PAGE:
These Exposed Pipes are Too Pretty to Hide
While they’ve always been functional, we’re starting to appreciate both the beauty and strength of copper, brass, black steel and galvanized steel pipes in design. Now, instead of hiding them, exposed pipes feature prominently in a home’s design and are also used in other applications. Below are some of the ways exposed pipes can provide function and beauty.
Exposed pipes are trending
“Exposed pipes can be a real treat to have in your home,” according to Carla Muncaster, owner and creative director at Urban Grain Interiors Limited. “In fact, designers are increasingly surface-mounting pipes and conduit in industrial interiors, rather than burying them under plasterwork,” she adds.
If you have exposed brick walls, Muncaster says it makes even more sense to have exposed pipes.“If you have historic surface-mounted pipes, they’ll no doubt be covered in many coats of paint,” she explains. “Previous dwellers will have attempted to hide them and blend them into the walls — but it’s now de rigueur and cool to expose them.”
That’s not the only new trend. “Rather than ‘less is more,’ today’s trend is ‘more is more.’ So have a single conduit pipe for every cable, instead of running several cables in one pipe, and create patterns with the pipes,” she says. “It looks really striking, bold and graphic.”
Strength and beauty
You often find copper pipe used in plumbing. When polished, it looks really nice, according to Muncaster. That’s why it’s a popular choice in kitchen design and decor. “It will take a bit of time to strip paint off it (particularly at the back of the pipe nearest to the wall), but with good helpings of patience and masking tape, you can do a really great job of making them look gorgeous,” she says.
“Often you’ll find that pipes are set off the wall a little with little plastic blocks – these aren’t cool, so replace them with beautiful metal fixings – there are loads of options available in all sorts of metal fittings – brass, copper, chrome, galvanized and dark steel.” She says you can either match your fittings to your exposed pipes or choose contrasting fittings.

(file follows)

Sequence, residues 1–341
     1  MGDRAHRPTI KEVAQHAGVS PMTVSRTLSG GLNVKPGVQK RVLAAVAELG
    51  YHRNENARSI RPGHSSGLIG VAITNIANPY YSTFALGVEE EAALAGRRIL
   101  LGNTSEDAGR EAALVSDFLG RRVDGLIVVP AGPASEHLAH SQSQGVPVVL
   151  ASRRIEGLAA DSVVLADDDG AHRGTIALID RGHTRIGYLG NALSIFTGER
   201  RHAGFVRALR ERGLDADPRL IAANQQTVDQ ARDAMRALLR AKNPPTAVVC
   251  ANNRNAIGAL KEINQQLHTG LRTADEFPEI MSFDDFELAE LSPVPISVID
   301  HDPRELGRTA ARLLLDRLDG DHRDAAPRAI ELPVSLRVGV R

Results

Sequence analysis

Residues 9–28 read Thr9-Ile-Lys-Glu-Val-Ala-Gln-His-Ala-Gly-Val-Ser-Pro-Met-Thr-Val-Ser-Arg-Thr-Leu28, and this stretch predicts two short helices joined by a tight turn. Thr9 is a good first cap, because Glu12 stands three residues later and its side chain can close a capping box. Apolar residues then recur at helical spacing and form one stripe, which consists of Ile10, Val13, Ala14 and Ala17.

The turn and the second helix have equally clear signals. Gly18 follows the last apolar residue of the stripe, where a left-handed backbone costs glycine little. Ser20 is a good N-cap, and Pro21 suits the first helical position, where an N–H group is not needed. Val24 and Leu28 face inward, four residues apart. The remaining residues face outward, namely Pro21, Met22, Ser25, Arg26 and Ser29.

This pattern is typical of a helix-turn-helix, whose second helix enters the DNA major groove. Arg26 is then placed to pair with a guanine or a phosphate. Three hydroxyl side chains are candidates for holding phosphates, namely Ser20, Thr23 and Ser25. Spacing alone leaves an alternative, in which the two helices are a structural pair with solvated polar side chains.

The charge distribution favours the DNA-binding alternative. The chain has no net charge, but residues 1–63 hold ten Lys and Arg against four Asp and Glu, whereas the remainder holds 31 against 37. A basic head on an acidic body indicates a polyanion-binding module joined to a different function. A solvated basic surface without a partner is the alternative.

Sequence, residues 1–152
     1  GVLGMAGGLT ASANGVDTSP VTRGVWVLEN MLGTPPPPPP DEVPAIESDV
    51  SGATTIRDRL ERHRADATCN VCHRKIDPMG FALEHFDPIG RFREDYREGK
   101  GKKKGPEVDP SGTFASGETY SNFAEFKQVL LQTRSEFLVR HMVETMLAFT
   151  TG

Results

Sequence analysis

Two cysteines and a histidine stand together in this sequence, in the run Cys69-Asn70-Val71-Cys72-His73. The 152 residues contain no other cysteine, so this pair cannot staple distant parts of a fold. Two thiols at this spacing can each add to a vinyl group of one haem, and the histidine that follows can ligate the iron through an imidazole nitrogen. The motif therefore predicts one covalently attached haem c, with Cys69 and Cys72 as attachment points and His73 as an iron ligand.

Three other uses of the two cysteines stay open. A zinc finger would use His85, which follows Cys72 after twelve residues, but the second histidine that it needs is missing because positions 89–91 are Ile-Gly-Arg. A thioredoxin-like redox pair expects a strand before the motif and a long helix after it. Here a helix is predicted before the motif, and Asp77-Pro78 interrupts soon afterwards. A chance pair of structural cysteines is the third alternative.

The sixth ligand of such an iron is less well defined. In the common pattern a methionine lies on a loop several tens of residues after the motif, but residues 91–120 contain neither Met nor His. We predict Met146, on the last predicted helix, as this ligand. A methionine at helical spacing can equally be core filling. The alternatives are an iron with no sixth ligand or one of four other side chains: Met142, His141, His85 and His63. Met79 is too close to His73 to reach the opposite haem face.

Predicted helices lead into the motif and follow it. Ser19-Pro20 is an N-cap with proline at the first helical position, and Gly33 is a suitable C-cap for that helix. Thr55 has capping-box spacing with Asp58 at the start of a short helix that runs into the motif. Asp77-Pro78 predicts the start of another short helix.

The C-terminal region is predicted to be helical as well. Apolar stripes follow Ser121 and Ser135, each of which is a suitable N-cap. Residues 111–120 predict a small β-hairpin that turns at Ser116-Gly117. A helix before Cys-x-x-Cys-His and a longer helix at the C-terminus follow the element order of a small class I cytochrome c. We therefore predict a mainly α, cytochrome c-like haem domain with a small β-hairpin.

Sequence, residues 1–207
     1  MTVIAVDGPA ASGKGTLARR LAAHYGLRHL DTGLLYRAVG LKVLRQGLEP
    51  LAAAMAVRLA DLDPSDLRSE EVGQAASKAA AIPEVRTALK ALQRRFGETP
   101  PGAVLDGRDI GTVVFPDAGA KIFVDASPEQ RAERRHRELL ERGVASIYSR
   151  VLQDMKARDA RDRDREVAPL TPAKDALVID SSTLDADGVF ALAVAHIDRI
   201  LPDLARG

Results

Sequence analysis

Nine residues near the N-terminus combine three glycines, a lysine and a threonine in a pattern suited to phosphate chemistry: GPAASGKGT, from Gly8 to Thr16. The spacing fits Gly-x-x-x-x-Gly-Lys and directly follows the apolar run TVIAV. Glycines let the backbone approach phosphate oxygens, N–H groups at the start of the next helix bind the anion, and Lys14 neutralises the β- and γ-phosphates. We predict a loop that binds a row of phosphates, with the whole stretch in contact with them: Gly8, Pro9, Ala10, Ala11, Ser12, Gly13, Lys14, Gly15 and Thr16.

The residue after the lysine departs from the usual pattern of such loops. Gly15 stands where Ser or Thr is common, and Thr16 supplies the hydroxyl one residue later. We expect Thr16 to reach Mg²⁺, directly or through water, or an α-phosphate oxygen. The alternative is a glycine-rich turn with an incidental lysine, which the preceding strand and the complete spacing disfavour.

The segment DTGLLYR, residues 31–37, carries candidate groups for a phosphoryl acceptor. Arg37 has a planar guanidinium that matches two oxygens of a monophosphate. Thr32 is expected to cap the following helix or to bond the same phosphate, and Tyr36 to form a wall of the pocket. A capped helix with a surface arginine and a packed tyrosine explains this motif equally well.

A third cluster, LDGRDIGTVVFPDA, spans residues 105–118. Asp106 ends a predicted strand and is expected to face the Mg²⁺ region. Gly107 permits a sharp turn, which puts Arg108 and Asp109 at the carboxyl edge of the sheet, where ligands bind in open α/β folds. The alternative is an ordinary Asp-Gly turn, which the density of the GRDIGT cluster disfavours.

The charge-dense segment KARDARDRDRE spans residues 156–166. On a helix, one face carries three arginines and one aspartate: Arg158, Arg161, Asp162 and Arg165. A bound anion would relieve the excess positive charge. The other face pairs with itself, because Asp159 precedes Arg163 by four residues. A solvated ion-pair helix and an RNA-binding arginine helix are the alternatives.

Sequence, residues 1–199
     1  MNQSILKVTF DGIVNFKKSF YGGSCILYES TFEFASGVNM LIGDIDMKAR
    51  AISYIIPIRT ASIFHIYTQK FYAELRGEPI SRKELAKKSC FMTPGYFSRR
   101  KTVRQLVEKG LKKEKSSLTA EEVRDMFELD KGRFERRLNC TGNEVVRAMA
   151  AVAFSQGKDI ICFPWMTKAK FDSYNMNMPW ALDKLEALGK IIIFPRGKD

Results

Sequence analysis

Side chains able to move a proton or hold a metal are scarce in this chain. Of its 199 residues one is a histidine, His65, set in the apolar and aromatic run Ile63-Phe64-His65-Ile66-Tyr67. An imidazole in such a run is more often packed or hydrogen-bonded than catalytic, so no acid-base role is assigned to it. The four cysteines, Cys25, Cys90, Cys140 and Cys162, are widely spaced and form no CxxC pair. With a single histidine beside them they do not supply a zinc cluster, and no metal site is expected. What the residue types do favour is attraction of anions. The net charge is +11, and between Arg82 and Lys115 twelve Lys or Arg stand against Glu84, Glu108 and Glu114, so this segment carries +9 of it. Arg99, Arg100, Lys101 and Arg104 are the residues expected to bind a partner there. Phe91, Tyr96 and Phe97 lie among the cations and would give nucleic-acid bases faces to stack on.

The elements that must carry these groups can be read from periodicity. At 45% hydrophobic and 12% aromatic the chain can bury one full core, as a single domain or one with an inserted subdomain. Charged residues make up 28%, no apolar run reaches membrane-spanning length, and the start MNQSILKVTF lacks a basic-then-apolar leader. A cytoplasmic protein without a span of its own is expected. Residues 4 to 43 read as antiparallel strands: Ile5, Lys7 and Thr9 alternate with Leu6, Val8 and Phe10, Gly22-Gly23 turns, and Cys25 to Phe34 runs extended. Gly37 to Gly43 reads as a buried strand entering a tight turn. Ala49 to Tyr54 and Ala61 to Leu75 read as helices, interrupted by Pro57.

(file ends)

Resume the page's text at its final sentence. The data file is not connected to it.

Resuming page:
Plan out your use of exposed pipes
It’s important to make sure that you properly plan your layout. “The lines should be clean and equally spaced/angled — they are so striking that any sloppiness will be spotted and the aesthetic will be ruined,” Muncaster says. She warns against having multiple pipes going in several different directions, since this is jarring to the eye.
Exposed pipes are versatile
Make sure your proportions will match the look that you’re going for. “If you want elegant and minimal, go for thinner pipes; for bold statements, go for chunky pipes and fittings,” Muncaster says. “Remember that copper will dull and then develop a verdigris finish over time, which I love, but if you want to keep your copper pipes shiny, they will need to be clear lacquered or powder coated.”
Although bare metal finishes are popular, Muncaster says you shouldn’t be afraid of color. “You can powder coat pipes pretty much any color you like,” she says. However, Muncaster advises against trying to do any electrical wiring or plumbing unless you’re qualified to do so.
Exposed Pipe Faucets
You’ll also see the influence of exposed pipes and fittings in the latest bathroom design trends. Many manufacturers offer sink and shower faucets that mimic the look of pipes and fittings. The faucets are versatile enough to be used in traditional, transitional, modern, industrial, and even farmhouse styles.
Exposed pipes look cool, but how do they affect resale value? “They are certainly trendy in urban areas,” according to Rick Gehrke, real estate agent with RE/MAX Executives in Boise, ID. “In downtown areas, lofts and townhouses with exposed pipes sell like hotcakes because they give these types of homes an industrial feel.”
However, Gehrke says he doesn’t see these features often in suburban areas, and believes they are better suited for up and coming urban areas.
Matt Van Winkle, founder and CEO of RE/MAX Northwest, agrees that exposed pipes are trendy, but he doesn’t expect this trend to go mainstream.“If the property is extremely modern it could be appealing to buyers, but I would be hesitant to install any exposed pipes,” Van Winkle says. Just as neutral colors appeal to buyers, a more traditional approach to pipes may also be more palatable.
What do you think of using exped pipes in design? Let us know in the comments!
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